A week before the Pennsylvania Gaming Control Board releases the gaming industry’s official revenue report for March, the board’s executive director teased that it will contain exceptional news.
It was a record-setting month for online casinos, for brick-and-mortar table games, and for industry revenue overall, Kevin O’Toole told board members at the start of their monthly meeting Wednesday morning. O’Toole normally lets the revenue numbers speak for themselves each month, but he made an exception this time due to the extent of the positive results.
While allowing that the numbers still were just “preliminary,” O’Toole said that the overall gaming revenue in March exceeding $463 million, including $118 million from iCasinos and $94 million from table games inside the 16 casinos, represented “an excellent month of revenue production.”
Pennsylvania’s legal, commercial gaming industry generated $4.7 billion in 2021 and is expected to exceed $5 billion this year due to continued expansion. Its success and growth are of key importance to government officials, as Pennsylvania’s budget relies on more revenue from gambling than is the case in any other state. That is due to both the wide range of gaming options available and their comparatively high tax rates.
“The future does look good,” O’Toole summarized for board members in previewing the numbers.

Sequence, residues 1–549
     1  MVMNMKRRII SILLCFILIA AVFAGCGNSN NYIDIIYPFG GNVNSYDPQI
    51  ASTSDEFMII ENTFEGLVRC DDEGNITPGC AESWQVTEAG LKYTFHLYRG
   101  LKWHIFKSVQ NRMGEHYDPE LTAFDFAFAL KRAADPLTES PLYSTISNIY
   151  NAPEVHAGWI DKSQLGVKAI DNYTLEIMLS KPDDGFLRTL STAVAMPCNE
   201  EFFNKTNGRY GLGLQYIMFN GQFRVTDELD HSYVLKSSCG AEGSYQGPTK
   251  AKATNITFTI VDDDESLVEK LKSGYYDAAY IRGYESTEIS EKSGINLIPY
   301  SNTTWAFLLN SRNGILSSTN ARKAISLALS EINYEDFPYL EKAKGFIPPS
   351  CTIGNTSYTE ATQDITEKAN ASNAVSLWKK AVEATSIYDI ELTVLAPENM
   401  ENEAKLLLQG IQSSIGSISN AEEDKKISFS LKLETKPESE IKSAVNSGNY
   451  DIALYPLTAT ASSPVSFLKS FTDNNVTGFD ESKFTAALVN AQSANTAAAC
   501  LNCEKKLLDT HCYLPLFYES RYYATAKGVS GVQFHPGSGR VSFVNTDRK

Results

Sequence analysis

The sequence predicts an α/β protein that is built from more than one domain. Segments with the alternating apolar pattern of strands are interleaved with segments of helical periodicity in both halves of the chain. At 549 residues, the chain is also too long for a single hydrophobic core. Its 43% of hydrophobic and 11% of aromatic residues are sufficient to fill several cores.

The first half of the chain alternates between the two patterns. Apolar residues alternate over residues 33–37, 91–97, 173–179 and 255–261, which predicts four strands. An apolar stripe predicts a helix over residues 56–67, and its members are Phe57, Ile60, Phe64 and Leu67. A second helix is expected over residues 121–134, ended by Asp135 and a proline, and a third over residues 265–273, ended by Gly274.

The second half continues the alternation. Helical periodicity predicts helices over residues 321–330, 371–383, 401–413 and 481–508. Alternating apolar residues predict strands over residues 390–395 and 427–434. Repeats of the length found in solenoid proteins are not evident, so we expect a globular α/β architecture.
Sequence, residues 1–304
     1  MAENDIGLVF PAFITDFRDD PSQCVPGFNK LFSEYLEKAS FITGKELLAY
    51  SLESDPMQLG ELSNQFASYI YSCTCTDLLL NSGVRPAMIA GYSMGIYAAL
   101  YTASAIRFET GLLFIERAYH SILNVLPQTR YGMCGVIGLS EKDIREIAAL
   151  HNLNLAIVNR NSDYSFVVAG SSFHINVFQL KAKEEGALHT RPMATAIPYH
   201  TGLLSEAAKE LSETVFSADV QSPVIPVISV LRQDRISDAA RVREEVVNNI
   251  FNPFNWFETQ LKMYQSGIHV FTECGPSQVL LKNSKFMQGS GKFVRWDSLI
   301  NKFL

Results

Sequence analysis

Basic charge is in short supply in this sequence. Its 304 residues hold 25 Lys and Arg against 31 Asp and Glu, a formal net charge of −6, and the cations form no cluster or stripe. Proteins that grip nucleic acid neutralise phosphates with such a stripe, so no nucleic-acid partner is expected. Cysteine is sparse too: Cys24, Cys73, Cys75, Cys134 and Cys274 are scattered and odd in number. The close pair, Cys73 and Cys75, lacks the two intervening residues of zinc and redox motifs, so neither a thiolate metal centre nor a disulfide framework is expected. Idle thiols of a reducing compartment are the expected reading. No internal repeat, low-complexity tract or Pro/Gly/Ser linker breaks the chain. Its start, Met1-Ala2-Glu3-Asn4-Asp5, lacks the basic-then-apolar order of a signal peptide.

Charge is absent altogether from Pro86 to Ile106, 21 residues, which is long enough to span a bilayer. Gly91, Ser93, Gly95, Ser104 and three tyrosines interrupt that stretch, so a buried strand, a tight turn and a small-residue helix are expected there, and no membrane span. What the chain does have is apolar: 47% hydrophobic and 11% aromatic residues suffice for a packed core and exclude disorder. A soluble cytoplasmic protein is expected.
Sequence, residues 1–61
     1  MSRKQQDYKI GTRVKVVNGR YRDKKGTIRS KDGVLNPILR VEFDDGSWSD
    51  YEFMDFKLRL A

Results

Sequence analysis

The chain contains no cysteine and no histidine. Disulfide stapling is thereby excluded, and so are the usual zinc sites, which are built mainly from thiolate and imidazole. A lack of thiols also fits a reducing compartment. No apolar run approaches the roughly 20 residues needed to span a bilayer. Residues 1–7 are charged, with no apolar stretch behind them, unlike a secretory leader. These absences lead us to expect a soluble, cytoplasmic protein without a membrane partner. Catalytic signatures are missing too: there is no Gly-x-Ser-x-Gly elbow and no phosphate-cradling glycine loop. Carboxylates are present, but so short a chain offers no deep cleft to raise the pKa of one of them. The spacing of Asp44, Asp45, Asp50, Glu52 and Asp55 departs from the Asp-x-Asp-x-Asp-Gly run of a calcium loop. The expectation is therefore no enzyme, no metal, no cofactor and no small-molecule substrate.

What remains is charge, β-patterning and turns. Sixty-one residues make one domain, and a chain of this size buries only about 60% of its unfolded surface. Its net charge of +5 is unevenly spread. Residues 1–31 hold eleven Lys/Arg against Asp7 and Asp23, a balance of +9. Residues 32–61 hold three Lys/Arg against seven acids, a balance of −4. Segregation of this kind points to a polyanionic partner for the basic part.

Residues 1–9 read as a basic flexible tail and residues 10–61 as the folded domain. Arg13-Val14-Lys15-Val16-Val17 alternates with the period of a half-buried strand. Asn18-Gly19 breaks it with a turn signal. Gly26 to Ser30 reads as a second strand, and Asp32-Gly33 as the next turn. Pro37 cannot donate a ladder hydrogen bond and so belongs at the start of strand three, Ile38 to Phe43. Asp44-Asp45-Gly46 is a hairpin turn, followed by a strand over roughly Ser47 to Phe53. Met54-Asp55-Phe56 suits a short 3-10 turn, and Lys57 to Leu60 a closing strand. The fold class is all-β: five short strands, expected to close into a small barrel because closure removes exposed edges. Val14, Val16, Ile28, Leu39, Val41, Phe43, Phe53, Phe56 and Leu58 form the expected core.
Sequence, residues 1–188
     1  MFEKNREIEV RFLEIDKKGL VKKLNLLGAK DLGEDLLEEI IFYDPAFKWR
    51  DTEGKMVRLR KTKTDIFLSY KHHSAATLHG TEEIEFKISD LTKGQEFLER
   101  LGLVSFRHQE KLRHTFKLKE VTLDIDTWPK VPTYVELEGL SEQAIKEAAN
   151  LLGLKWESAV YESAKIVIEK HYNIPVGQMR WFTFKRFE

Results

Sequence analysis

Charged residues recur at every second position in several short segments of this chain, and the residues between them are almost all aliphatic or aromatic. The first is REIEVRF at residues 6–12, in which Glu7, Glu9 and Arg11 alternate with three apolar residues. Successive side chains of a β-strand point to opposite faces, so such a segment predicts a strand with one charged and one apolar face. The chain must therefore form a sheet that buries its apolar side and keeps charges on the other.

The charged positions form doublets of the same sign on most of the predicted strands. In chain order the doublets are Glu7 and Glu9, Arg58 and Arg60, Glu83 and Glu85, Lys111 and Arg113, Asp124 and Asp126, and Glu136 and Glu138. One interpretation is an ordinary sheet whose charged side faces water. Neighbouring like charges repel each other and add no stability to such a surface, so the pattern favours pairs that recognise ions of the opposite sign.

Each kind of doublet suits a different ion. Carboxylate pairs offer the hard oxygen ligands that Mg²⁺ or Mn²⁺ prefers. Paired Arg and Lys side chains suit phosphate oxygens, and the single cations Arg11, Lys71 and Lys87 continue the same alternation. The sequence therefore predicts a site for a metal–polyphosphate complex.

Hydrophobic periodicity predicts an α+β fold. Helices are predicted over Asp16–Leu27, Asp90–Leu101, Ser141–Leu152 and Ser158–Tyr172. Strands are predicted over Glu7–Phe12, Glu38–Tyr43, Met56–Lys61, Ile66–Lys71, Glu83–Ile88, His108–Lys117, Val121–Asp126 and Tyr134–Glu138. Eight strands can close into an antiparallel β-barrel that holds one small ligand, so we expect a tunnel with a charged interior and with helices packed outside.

More than $200,000 in fines though
The potential pitfalls within the industry, meanwhile, were reflected at the board meeting in the form of fines totaling $238,500 imposed through consent agreements with six different companies. Their handling of patrons who had admitted gambling problems, were underage, or were visibly intoxicated were among the issues resulting in an unusually high number of penalties discussed this month.
The violators and their fines were as follows:
- Gaming Partners International USA and GPI Mexicana S.A. de C.V., which both hold table games manufacturer licenses, were each fined $85,500 for filing their audited financial statements for 2019 and 2020 long past their deadlines to do so.
- Hollywood Casino at the Meadows was fined $40,000 for overserving alcohol to three different individuals last May, one of whom injured himself and two of whom tangled in altercations with either other patrons, casino security staff, or police.
- Mohegan Sun Pocono agreed to pay $10,000 after an individual on the state’s self-exclusion list — meaning they have an admitted problem and are supposed to stay out of casinos — not only played slot machines for hours but was able to use a personal check at the cashier’s cage to obtain $400 to continue gambling.
- Rivers Casino Philadelphia was also assessed a $10,000 fine for failing to keep a 20-year-old male from gaining access to the floor and playing high-limit blackjack, before he was evicted after his girlfriend tipped off the casino’s security staff.
- Rivers Pittsburgh has to pay $7,500 for a technical violation, in failing to remove from 12 of its slot machines a type of software that the PGCB had deemed no longer permitted.
Hearings ahead on Rivers Philadelphia, Valley Forge
The gaming board has announced two public input hearings scheduled this month where individuals and organizations may comment on separate license renewals required every five years of Rivers Philadelphia and Valley Forge Casino Resort.
The Rivers Philadelphia hearing is scheduled for 3 p.m. April 26 at the SEPTA office in Philadelphia, while the Valley Forge hearing will be at 10:30 a.m. April 27 at the Upper Merion Township Building in Montgomery County.
More information on the hearings and the ability to speak at them is offered on the gaming board’s website.